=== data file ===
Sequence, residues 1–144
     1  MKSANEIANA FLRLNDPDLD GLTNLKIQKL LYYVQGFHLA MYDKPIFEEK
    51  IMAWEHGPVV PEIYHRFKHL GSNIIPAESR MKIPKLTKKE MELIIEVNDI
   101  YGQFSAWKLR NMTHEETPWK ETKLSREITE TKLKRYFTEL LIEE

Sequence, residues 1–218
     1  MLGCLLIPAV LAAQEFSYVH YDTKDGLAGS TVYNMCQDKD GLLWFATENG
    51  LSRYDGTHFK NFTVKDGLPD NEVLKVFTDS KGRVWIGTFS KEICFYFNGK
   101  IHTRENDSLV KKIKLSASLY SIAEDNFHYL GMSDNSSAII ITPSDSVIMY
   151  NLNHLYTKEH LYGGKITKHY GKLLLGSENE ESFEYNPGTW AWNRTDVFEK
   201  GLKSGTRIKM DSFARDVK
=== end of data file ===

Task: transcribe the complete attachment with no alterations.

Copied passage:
Sequence, residues 1–144
     1  MKSANEIANA FLRLNDPDLD GLTNLKIQKL LYYVQGFHLA MYDKPIFEEK
    51  IMAWEHGPVV PEIYHRFKHL GSNIIPAESR MKIPKLTKKE MELIIEVNDI
   101  YGQFSAWKLR NMTHEETPWK ETKLSREITE TKLKRYFTEL LIEE

Sequence, residues 1–218
     1  MLGCLLIPAV LAAQEFSYVH YDTKDGLAGS TVYNMCQDKD GLLWFATENG
    51  LSRYDGTHFK NFTVKDGLPD NEVLKVFTDS KGRVWIGTFS KEICFYFNGK
   101  IHTRENDSLV KKIKLSASLY SIAEDNFHYL GMSDNSSAII ITPSDSVIMY
   151  NLNHLYTKEH LYGGKITKHY GKLLLGSENE ESFEYNPGTW AWNRTDVFEK
   201  GLKSGTRIKM DSFARDVK